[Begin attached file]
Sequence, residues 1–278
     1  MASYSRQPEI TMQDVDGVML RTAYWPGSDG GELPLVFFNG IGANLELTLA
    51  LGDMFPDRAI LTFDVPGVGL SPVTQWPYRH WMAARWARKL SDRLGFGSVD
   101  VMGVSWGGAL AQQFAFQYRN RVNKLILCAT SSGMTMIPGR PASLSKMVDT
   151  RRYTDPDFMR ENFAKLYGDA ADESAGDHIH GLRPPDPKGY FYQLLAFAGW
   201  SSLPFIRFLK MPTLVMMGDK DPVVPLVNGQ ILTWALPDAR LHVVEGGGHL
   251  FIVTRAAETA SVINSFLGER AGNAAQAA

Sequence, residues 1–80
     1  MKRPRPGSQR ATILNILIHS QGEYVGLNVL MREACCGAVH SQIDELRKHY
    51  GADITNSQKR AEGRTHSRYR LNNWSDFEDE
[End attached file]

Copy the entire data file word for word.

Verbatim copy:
Sequence, residues 1–278
     1  MASYSRQPEI TMQDVDGVML RTAYWPGSDG GELPLVFFNG IGANLELTLA
    51  LGDMFPDRAI LTFDVPGVGL SPVTQWPYRH WMAARWARKL SDRLGFGSVD
   101  VMGVSWGGAL AQQFAFQYRN RVNKLILCAT SSGMTMIPGR PASLSKMVDT
   151  RRYTDPDFMR ENFAKLYGDA ADESAGDHIH GLRPPDPKGY FYQLLAFAGW
   201  SSLPFIRFLK MPTLVMMGDK DPVVPLVNGQ ILTWALPDAR LHVVEGGGHL
   251  FIVTRAAETA SVINSFLGER AGNAAQAA

Sequence, residues 1–80
     1  MKRPRPGSQR ATILNILIHS QGEYVGLNVL MREACCGAVH SQIDELRKHY
    51  GADITNSQKR AEGRTHSRYR LNNWSDFEDE